Monday, January 30, 2017


Plan on attending the next chapter meeting on Saturday, February 18th.

Friday, January 6, 2017

Scanning Records

Doug and Adee Hacking work at the Family Search Center on Thursdays from 9:00 am until 3:00 pm, and Saturdays from 9:00 am until 1:00 pm. On Thursdays the center stays open until 9:00 pm, and on Saturdays they close early at 1:00 pm.

The center is located at 915 West Gordon Ave, Layton, UT 84041, and the phone number is 801-784-2100. You can call that number ahead of time to reserve one of the slide scanners. They assign them out in one hour increments, but you can do a lot in an hour.

They can show you around and help you with your scanning. All the equipment is free to use. The only thing they charge for is copies and they are five cents a page.

Brigham Young University Library, 1st floor, houses the Utah Valley Family History Library. They have several high speed quality scanners available for public use for family history. They are set up to link with your family search account if desired, and there are always plenty of volunteers to help. Call ahead to reserve a time slot.

Sunday, January 1, 2017

Put This on Your Calendar

Saturday, February 18, 2017, is our next chapter meeting.  

We are planning to participate in the Scottish Festival in Payson on July 7-8, volunteers appreciated.

Mike Meisinger, AHSGR Vice President, will be coming to Utah to teach classes.  Date to be announced soon.

AHSGR board meetings, April 27-29, Lincoln, Nebraska.

The book drive continues whenever we gather.  We are accepting new or used (clean) books for Primary Children's hospital.  Our youth members are creating a bookmark for the books.

The chapter agreed to a cookbook; send recipes to Dee.  It would be wonderful if this was a family event with you and your kinder taking lots of pictures and sharing with Dee.

Sources for Mennonite Information

The Grandma database (Genealogical Registry and Database of Mennonite Ancestry) contains information on over a million individuals, most of whose ancestral lines can be traced to Mennonite communities in Prussia and South Russia. GRANDMA is produced by the California Mennonite Historical Society.

This database is available in two forms: on a CD-ROM disk as well as in a searchable online database. Both versions provide searches of the same data, but the online database is updated several times a year while the CD-ROM is only updated once every few years. The on-line version also allows you to share your family photographs with other researchers.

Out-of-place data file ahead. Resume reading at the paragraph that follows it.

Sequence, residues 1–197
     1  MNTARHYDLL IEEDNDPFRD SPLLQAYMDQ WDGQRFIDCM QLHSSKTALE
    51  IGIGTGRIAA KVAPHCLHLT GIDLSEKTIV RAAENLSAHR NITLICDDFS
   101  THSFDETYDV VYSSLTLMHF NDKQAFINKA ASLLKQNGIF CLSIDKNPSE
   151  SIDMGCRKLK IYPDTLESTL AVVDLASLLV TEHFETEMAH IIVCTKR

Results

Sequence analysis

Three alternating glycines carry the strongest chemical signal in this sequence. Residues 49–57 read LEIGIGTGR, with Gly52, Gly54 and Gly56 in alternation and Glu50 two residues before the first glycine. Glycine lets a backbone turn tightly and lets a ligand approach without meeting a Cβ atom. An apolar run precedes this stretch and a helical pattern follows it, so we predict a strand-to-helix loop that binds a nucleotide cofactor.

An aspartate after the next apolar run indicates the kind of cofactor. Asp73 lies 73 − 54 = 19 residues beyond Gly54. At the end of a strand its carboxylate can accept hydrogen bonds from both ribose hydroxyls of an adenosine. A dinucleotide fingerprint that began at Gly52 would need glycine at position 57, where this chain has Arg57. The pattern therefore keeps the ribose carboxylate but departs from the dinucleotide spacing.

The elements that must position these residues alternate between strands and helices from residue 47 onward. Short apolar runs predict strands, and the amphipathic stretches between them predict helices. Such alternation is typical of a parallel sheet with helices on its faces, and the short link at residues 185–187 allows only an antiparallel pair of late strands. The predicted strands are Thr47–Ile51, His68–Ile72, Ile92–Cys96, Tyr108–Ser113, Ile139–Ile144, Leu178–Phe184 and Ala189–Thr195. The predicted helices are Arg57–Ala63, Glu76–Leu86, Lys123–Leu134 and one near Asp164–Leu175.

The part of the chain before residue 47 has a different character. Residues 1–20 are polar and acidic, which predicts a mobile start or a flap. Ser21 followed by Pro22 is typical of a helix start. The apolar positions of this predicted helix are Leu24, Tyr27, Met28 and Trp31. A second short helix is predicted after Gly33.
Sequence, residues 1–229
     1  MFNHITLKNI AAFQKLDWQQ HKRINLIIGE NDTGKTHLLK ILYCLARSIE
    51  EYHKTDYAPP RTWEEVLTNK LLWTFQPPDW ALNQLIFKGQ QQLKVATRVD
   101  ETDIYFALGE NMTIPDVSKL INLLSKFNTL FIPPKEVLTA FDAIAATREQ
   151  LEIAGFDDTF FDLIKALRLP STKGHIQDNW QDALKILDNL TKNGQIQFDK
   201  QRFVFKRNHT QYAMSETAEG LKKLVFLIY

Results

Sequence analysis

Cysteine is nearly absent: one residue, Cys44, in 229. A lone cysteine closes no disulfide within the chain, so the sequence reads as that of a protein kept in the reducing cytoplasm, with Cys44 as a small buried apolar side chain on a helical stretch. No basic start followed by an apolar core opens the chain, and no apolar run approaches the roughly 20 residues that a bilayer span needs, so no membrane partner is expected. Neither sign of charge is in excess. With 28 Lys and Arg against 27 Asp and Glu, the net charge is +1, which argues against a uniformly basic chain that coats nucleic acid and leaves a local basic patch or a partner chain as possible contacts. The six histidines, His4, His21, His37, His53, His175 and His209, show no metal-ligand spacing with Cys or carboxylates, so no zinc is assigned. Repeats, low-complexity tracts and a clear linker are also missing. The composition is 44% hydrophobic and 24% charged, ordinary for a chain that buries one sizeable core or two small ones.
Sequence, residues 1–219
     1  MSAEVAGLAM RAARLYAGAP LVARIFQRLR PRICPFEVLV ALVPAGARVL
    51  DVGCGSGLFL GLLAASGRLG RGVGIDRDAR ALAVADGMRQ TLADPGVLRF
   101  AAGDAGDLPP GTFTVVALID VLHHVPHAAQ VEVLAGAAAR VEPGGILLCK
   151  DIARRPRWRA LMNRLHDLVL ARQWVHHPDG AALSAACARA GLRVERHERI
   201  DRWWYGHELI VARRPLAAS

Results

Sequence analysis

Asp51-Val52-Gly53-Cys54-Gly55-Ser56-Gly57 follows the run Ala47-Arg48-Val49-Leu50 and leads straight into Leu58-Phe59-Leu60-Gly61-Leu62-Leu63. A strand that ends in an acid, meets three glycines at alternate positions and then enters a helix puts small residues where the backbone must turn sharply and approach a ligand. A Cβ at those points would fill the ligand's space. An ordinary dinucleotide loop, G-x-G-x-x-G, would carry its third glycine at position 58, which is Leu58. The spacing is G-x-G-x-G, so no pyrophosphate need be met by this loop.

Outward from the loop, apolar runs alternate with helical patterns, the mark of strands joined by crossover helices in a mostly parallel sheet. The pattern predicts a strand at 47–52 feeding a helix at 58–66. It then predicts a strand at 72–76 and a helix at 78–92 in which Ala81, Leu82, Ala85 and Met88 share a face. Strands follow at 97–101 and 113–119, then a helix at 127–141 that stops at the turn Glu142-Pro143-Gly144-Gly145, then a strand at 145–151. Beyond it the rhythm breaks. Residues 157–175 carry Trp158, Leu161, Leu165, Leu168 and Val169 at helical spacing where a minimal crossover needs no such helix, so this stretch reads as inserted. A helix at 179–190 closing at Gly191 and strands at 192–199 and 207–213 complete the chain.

In additional to this wealth of data is a free standard edition newsletter.  To receive a once-a-day email message containing links to all the new articles published,

You can also subscribe to the Plus Edition here:

Dan Eastman is the webmaster and will be featured at the Feb 8-11, 2017 RootsTech in Salt Lake City, Utah. (

Do you have interesting database information to share with everyone??

Thanks for the support.

Dee Hert

A Message From Dee

LDS gift opens up a vast new path for African-American genealogical treasurers
Index of nearly 2 million names given to the Smithsonian.
Up to now, genealogical research on African-American families often ran into a dead end after the search reached back to 1870, the first census that documented newly freed slaves as U.S. citizens.
The LDS church donated an indexed database of the Freed African-Americans which can now bridge the gap between freedom and slavery and reunite, on paper, families that were once torn apart by slavery.
FamilySearch’s team also uncovered and indexed the names of 1,781,463 people found in marriage and hospital registers, education efforts, census   lists, labor contracts, and apprenticeship lists.  This is the largest collection of records that impact the African-American population today.  The bureau records present the genealogist and social historians with an unequaled wealth of information about matters as varied as issuing food and clothing, investigating racial conformations, settling freedmen on abandoned or confiscated lands and establishing schools. The bureau helped secure deeds to property so people could build schools.
The indexing team attracted volunteers from the 36 chapters of the Afro-American Historical and Genealogical Society, black colleges and churches, and any organization that might have an interest.
Source:  Sunday, December 11, 2016, Salt Lake Tribune.

The messages I learned from this article: 
A group of dedicated volunteers can organize various sources of data and compile significant data.  It is heartwarming to know that this information will be of great value to many families.  Continue sharing your personal knowledge and resources; that is what genealogy and family history is all about.  The more we share the more we learn. The numerous records used in this search can always open doors.
Dee Hert, Chapter Membership Chair